In the “More Than Asana” weekend we learned about the eight-limb path of yoga described in the Yoga Sutras in Patañjali’s Treaties on Yoga. I say “learned about”, ultimately we learned the concepts exist; we barely dipped a single toe into the ocean of life-long learning the 196 sutras encompasses. I took some time to read into these a little more and see how others had used them to cope with grief. I came across a beautiful article written by Phil Catalfo for Yoga Journal which was pretty much everything I was looking for. Shockingly (or un-shockingly) enough, the practise and principles of yoga have helped a huge number of people suffering from grief, and some of them have gone on to set up organisations to support people in similar situations; such as the Jenna Druck Foundation and Yoga for Grief Relief by Antonio Sausys. I also took comfort in “How to deal with grief and loss of a loved one?” – an interview with Sadhguru (who I LOVE).
I designed my own mini yoga therapy to start me on my journey to healing by really feeling my grief. I wanted to open my heart, connect my conscious and subconscious mind, and explore a meditative visualisation where I could say goodbye.
Yoga for Grief
- Get centred – let go of the day and the urge to stay busy, stay out of your head, and get centred on your mat. Sit comfortably, feel where your legs and feet and sits bones contact the mat. Place one hand on your heart and one hand on your lower abdomen and breath into your hands.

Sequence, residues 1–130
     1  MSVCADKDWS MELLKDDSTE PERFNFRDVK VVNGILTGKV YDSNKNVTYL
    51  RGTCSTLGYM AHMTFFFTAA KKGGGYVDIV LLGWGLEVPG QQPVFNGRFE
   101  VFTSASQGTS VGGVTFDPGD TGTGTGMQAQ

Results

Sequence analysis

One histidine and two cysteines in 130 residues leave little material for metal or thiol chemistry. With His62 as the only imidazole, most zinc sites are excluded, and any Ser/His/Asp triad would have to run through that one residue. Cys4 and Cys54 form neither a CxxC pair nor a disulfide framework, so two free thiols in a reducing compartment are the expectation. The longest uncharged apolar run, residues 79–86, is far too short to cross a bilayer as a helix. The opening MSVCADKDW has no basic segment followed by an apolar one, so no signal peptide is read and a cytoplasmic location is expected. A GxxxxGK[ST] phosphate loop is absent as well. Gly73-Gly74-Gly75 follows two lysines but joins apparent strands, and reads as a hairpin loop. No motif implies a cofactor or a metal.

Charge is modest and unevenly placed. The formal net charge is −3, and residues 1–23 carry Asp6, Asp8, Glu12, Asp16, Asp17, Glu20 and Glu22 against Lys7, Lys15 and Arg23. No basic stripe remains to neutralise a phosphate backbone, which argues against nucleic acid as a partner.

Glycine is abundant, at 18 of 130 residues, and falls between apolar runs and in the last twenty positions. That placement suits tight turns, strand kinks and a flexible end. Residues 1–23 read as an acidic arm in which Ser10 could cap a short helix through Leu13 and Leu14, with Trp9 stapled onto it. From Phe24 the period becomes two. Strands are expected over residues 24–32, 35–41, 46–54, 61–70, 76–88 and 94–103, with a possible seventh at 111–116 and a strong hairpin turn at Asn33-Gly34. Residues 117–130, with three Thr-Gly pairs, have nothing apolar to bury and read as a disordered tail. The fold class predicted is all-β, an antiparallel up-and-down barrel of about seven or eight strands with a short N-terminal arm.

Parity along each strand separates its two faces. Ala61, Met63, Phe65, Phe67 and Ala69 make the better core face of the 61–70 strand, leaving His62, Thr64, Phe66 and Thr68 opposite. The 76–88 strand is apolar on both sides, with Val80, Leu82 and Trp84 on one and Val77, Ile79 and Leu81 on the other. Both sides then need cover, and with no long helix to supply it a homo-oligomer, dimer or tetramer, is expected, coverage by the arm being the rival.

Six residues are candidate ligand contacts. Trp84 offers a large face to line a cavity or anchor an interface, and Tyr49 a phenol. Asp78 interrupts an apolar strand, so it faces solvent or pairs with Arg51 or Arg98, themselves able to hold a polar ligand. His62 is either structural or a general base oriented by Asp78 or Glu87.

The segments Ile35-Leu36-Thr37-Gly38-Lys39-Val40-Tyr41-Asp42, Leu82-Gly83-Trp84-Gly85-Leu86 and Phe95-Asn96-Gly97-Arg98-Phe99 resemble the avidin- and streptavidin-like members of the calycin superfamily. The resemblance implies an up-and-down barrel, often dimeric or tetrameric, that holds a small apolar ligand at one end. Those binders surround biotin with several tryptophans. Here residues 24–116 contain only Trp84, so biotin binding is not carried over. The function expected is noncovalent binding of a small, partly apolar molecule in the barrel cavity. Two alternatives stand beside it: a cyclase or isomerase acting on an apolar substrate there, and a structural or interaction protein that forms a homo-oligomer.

- Pranayama – Your breath connects your conscious and unconscious, opening up to the unconscious allows you to open up to grief. Do Nadi Shodhana (alternate nostril breathing) to stimulate prana (life force energy), balance left and right brain hemispheres, and bring clarity and focus.
- Asana – A short flow to stimulate breath, circulate prana and open your heart. I’ve summarised the flow below.
- Meditation – Allow yourself to feel without thought, give in to the feeling of grief. I have a lot of work in my meditation practice so I prefer guided meditation. There are loads out there. I used this one by Lilian Eden as the title and visual nature resonated with me.
Downward facing dog
Sun A X 3
Sun B with cactus arms and humble warrior
Sun B with back bend in crescent lunge and extended side angle
Locust and floor bow
Upward facing dog
Bridge and wheel
Pigeon with king pigeon and mermaid
Scorpion against the wall
My experience of this sequence was very healing. On the surface I had taken time out of my day to rest, and do something for myself; going deeper I had allowed space for my grief to surface, so I could really feel it – without beating myself up or trying to “pull myself together”.
Something else happened during my mediation. I was visualising my Nana, and I felt a huge energy shift in the room. I went hot and cold and got goosebumps. I realised I could choose to observe and feel that energy shift, or dismiss it for any number of reasons (engineer’s mind, I have many), and I could also choose to believe that it was my Nana. I have never been very spiritual, and not at all religious, but realising I could choose to believe that it was her in the room to me, comforted me beyond anything else I had done. Her spirit, her energy, was out there, all I had to do to spend time with her now was notice.
I can’t help but think about the timing of all of this. My Nana passing meant something monumental and special, unique to each person in my family. I’ve been wondering what it means for me. She passed during my last weekend of yoga teacher training, right at the start of my journey, but also at a point where my heart and mind were more open than they have been in years, maybe ever. My Nana will never see me as a yoga teacher, or visit my house in Houston, or be at my wedding, or meet my children, but when she passed she opened my heart and mind just that little bit further, into spirituality.
Here’s to living spiritually.